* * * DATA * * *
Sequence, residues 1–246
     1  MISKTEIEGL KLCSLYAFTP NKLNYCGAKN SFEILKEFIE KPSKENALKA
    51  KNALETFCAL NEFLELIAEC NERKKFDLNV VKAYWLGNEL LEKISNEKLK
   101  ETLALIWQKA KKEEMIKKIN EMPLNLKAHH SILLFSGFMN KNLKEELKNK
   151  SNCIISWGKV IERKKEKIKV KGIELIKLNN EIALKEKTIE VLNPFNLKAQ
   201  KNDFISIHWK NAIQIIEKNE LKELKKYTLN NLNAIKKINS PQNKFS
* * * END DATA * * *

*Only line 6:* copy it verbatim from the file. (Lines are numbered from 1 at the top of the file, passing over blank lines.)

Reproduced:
   201  KNDFISIHWK NAIQIIEKNE LKELKKYTLN NLNAIKKINS PQNKFS